rojo foto//friday – Afghanistan

I headed out on a three-week trip to Indonesia, India and Afghanistan on June 1st. This was the longest trip that I have been away from my family, so I already was a little nervous about things. After basically two long days of travel and finally arriving in Merauke, Papua (seemingly the end of the world) I got a call that my father-in-law had passed away. I got on the next plane heading back home. After a week back in the states, a funeral in California and a memorial service and burial in Louisiana, I flew out of Houston to meet up with my partner in India. We slept on the floor in the crowded Delhi airport and left for Kabul the next morning. All of that to say that it had been a long two weeks at that point.

Nearing the end of our week stay in Afghanistan we were taken out to some rural villages to photograph some project sites using hydro-electric power to provide electricity for the villages. Getting back to one of those project sites was a fun off road experience – through a shallow portion of a river of the runoff flowing out of the snow capped mountains north of Kabul. Leaving that site I got out of the car and noticed an interesting bridge. It was interesting to see how it was crafted, and how sturdy, yet precarious, it was. Then I noticed the water rushing underneath me. Not too deep, but moving quickly.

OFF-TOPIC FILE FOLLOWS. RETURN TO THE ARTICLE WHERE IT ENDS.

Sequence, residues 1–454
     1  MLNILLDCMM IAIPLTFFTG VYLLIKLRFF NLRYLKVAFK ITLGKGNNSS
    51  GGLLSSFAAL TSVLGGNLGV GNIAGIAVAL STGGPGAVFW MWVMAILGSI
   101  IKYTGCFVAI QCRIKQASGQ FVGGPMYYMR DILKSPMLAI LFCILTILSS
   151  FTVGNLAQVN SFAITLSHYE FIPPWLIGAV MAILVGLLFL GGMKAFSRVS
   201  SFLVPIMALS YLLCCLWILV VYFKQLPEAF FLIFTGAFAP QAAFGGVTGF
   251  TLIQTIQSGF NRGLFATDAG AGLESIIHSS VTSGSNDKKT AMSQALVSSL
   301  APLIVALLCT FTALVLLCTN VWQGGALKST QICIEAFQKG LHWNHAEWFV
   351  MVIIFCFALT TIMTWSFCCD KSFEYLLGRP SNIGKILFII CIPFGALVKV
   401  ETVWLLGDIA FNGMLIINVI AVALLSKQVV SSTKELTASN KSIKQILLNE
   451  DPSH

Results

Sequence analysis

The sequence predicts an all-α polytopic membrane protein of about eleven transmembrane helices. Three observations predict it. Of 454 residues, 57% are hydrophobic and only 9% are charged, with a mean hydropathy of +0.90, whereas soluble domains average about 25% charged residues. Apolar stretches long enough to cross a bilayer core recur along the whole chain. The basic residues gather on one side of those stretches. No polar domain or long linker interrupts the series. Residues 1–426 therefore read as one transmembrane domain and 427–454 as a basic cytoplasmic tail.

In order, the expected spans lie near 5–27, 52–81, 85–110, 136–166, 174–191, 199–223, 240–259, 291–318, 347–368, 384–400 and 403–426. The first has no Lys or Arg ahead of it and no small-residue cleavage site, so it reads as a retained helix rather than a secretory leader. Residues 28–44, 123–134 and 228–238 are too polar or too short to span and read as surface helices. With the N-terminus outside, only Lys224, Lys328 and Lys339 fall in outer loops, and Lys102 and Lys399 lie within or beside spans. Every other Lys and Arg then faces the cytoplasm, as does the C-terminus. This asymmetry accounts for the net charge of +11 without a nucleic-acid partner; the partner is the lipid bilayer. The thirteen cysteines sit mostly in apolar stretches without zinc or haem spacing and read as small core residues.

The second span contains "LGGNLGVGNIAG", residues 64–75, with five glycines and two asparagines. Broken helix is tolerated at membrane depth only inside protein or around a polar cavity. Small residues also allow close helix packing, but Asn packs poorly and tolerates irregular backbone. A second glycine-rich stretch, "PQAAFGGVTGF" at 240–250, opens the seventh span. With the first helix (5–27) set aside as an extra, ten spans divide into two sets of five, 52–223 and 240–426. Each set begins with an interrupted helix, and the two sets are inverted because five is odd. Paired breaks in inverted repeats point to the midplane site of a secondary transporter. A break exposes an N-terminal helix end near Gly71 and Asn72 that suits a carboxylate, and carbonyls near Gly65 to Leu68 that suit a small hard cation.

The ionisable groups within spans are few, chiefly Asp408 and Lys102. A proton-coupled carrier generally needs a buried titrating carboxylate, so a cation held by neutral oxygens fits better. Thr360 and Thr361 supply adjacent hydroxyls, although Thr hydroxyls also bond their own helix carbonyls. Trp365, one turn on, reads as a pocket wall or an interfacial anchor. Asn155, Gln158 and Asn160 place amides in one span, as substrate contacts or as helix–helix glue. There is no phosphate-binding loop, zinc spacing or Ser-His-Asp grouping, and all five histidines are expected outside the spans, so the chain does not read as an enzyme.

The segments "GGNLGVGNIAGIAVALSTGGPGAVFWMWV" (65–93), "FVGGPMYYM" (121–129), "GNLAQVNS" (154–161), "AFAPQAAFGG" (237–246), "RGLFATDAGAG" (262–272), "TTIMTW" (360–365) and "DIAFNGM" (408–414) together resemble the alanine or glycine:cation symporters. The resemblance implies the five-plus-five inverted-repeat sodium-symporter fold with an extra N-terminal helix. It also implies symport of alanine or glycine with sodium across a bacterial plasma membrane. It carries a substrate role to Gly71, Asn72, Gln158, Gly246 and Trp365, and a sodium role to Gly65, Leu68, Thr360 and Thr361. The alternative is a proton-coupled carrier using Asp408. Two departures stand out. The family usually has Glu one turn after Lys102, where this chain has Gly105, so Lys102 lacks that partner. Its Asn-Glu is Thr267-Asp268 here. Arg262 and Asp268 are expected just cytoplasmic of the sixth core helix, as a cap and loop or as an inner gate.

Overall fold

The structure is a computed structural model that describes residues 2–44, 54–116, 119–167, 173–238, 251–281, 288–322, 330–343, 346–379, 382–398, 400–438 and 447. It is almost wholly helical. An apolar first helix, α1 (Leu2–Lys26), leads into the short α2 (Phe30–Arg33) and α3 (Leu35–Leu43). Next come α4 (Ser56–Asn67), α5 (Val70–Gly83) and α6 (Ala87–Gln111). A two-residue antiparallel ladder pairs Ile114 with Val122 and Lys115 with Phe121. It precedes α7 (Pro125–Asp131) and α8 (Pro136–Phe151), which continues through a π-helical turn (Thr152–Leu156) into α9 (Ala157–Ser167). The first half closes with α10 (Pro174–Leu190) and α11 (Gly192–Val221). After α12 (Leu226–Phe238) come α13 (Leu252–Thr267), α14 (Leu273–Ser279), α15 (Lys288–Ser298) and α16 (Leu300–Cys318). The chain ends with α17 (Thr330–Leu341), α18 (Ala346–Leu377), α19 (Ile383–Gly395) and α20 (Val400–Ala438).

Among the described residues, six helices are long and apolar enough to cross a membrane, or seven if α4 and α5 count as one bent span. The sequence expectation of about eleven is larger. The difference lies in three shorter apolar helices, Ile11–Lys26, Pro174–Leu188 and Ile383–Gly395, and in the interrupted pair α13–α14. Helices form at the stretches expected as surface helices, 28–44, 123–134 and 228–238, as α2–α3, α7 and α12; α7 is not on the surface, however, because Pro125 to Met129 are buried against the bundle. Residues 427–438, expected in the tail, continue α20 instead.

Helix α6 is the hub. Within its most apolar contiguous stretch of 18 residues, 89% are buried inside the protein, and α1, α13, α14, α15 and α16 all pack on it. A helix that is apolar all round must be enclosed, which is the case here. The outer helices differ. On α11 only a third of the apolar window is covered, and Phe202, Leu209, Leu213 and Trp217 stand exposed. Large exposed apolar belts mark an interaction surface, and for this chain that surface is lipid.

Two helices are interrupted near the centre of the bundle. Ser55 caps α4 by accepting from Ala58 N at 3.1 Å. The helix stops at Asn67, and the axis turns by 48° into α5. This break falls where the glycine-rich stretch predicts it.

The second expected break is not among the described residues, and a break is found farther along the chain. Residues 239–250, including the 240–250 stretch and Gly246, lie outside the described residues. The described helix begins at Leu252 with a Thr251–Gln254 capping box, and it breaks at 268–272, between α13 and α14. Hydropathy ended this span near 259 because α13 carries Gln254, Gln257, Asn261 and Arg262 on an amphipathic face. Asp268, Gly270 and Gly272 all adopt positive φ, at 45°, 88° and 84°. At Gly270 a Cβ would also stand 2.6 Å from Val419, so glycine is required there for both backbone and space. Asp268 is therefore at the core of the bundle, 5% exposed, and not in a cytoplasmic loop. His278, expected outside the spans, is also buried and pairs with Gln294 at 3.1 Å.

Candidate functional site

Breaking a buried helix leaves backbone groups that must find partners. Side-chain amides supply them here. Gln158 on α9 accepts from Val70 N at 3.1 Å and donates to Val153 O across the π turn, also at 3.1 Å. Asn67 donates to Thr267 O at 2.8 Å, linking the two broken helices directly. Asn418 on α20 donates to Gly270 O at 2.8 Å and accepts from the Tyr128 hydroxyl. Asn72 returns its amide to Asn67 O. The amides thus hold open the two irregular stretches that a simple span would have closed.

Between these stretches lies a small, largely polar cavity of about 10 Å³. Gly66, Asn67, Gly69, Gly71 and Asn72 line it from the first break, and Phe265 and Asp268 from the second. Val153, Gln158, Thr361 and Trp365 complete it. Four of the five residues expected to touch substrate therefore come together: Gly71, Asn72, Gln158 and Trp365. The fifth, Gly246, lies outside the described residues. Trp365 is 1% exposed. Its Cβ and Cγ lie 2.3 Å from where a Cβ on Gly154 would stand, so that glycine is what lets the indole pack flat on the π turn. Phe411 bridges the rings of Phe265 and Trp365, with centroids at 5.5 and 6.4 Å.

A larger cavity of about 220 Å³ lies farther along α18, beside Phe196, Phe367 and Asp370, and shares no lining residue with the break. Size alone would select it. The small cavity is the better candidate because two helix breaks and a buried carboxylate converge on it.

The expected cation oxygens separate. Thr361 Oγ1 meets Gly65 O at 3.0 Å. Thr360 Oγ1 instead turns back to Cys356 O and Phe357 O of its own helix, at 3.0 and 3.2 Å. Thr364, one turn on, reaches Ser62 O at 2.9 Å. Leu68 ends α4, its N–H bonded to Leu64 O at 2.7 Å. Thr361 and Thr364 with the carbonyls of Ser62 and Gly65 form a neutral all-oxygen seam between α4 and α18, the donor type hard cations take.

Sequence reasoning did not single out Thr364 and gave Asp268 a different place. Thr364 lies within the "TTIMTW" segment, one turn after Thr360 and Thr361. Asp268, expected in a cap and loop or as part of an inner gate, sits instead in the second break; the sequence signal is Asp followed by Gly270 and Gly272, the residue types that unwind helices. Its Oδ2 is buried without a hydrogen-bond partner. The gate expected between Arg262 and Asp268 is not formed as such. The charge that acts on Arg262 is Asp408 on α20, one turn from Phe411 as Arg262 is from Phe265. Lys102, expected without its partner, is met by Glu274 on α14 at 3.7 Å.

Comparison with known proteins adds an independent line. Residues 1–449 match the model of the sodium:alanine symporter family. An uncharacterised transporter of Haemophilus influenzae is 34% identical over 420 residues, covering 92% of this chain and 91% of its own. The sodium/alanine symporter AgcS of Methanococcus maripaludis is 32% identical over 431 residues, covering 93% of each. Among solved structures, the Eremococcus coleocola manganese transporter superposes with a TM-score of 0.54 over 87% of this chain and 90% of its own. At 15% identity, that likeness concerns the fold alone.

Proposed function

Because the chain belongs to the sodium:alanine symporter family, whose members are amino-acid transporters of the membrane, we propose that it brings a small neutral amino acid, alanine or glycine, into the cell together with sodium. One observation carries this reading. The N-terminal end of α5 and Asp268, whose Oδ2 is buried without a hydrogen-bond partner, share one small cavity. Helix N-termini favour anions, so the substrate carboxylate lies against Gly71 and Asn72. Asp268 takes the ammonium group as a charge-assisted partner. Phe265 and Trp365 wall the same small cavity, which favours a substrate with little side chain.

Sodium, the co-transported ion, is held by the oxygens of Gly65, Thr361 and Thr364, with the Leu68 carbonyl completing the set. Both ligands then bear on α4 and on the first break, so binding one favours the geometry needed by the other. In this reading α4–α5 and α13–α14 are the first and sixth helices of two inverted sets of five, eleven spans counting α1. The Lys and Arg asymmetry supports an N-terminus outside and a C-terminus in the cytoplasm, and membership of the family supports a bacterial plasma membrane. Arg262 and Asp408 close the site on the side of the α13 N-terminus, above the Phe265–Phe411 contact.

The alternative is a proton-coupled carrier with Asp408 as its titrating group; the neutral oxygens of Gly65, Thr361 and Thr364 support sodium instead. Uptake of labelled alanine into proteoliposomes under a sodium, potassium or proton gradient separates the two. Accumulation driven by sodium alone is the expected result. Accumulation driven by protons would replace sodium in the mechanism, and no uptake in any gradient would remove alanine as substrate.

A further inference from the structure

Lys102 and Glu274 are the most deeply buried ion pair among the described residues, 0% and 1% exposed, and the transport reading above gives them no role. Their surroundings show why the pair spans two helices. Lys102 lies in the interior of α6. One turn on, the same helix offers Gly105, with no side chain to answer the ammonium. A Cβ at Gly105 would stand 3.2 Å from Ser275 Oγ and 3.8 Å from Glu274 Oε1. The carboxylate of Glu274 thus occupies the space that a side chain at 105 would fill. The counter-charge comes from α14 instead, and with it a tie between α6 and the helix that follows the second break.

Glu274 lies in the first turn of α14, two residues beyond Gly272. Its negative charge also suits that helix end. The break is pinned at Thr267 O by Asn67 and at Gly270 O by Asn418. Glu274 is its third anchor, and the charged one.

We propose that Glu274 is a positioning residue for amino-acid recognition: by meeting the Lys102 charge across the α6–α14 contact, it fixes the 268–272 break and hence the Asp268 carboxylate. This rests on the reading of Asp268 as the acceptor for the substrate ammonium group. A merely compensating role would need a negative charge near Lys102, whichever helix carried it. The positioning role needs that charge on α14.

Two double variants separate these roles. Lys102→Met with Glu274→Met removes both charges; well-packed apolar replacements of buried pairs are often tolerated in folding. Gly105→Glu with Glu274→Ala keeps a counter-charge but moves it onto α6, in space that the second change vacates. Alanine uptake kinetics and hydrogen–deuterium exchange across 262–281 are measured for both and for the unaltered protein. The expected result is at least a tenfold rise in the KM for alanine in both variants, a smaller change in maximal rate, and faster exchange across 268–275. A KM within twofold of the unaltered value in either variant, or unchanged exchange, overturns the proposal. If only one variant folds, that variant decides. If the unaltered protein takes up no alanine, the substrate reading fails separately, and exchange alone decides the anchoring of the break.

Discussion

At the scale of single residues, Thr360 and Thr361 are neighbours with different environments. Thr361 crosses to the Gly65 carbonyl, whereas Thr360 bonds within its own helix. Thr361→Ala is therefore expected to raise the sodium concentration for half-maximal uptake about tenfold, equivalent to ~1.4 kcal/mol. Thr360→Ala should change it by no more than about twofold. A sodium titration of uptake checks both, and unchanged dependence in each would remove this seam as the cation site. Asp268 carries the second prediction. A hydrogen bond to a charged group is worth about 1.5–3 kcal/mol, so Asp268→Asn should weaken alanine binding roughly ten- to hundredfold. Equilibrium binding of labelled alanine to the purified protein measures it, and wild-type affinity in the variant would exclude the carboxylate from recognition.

I cranked my ISO way down to capture the rushing water and let the bridge split right down the middle of the frame.

There in that picture was my life at that point.

So much had been happening, I felt like I was out on this proverbial bridge, trying to make it across to the other side. I was stopping and looking around, realizing that I have no handrail to grab onto, no net to catch me if I fall. And to top it all off, everything under me is moving so quickly.

Well, I made it across. (surprise!) But I still look at this image, remembering exactly where I was when I clicked that frame both physically and emotionally. I am sometimes still feeling those overwhelmed feeling, those shaky, precarious movements., but it’s all good. I’ve got some good ground under my feet!

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